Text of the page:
Hay fire warn­ing is­sued

The Tatura Guardian - - Community - By De­clan Martin

Tatura Coun­try Fire Author­ity Brigade was called into ac­tion to a haystack fire on Lang­ham Rd, Dhur­ringile, that de­stroyed a shed re­cently and is call­ing on farm­ers to min­imise the risk of haystack fires this sum­mer.

Tatura Fire Brigade sec­ond lieu­tenant Alan Tyson said hay-re­lated fires were one of the most com­mon call outs the brigade had to at­tend and they could be quite time-con­sum­ing be­cause they took sev­eral days to be ex­tin­guished.

‘‘It can be quite heart­break­ing see­ing the dam­age and fi­nan­cial pain they can cause for farm­ers,’’ he said.

‘‘There are a range of causes, such as sparks from ma­chin­ery and equip­ment, em­bers from nearby burnoffs, or bush­fires and light­ning strikes, but the lead­ing cause is from spon­ta­neous com­bus­tion.

‘‘If the hay is too green or the hay be­comes damp be­fore, dur­ing or af­ter bail­ing, a com­plex se­ries of bi­o­log­i­cal and chem­i­cal pro­cesses may cause the hay to heat.

‘‘Once tem­per­a­tures reach about 70°C they may then in­crease rapidly to the point of spon­ta­neous about 180°C.’’

Mr Tyson said they en­cour­aged farm­ers to reg­u­larly mon­i­tor all haystacks for signs that the hay was heat­ing by us­ing a tem­per­a­ture probe or a crow­bar.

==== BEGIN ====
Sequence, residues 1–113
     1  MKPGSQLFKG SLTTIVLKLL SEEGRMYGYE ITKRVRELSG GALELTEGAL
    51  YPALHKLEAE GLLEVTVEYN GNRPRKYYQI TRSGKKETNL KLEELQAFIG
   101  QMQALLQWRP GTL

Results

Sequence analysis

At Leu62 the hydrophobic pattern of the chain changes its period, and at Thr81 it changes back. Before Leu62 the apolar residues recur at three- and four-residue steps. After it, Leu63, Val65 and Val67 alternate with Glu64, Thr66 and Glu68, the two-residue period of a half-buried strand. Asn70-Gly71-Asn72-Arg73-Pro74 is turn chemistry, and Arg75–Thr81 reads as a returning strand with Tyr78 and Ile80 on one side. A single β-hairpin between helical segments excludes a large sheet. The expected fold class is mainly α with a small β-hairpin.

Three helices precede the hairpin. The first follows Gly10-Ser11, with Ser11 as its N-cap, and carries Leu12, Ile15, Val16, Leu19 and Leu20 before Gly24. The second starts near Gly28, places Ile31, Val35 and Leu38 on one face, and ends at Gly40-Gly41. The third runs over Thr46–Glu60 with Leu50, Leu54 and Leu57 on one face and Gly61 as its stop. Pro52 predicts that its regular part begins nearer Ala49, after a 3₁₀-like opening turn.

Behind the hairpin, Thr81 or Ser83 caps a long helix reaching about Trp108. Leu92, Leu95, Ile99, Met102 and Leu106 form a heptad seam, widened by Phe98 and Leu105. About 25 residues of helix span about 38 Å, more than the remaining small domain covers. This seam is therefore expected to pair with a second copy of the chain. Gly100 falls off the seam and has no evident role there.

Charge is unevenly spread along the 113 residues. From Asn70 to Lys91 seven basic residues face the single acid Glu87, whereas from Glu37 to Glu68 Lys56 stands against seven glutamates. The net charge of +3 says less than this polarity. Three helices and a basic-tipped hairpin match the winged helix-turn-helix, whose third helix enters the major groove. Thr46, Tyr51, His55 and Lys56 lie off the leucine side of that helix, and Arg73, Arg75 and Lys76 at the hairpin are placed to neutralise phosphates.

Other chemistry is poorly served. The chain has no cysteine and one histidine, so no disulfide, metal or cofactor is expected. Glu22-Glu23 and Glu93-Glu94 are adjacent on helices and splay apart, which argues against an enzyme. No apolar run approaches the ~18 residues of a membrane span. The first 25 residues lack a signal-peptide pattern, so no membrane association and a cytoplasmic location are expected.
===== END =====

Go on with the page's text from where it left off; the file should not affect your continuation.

‘‘If you see steam ris­ing from haystacks, see con­den­sa­tion or cor­ro­sion un­der hayshed roof­ing, mould in or on bales, smell un­usual

ig­ni­tion, odours or see a sec­tion of the hay slump­ing it means it is heat­ing up,’’ he said.

‘‘To min­imise the risk, make sure the hay is fully cured and at the rec­om­mended mois­ture con­tent be­fore bal­ing. This changes for each type of crop and bale.’’

Mr Tyson en­cour­aged the use of a cor­rectly cal­i­brated mois­ture me­ter to check hay mois­ture lev­els through­out the bal­ing process.

‘‘It is im­por­tant to re­mem­ber that just one damp bale is enough to ig­nite a haystack, so make sure you pro­tect all bales from rain, leak­ing roofs and spouts and runoff,’’ he said.

‘‘If some bales be­come damp, they should be stored sep­a­rately and closely mon­i­tored.’’

Other tips in­clude mak­ing sure the haystacks are lim­ited in size and have enough air­flow to al­low heat and mois­ture to es­cape.

‘‘It is im­por­tant to know the his­tory and mois­ture con­tent of the hay you pur­chase and store it away from pos­si­ble sources of ig­ni­tion, such as road­sides, fu­els or chem­i­cals,’’ Mr Tyson said.

Blaze: Tatura CFA was in ac­tion early on Sunday, Novem­ber 26, to con­tain a hay shed fire off Lang­ham Rd, Dhur­ringile.

Dam­ag­ing: The still burn­ing re­mains of the hay shed, hours af­ter a fire broke out.

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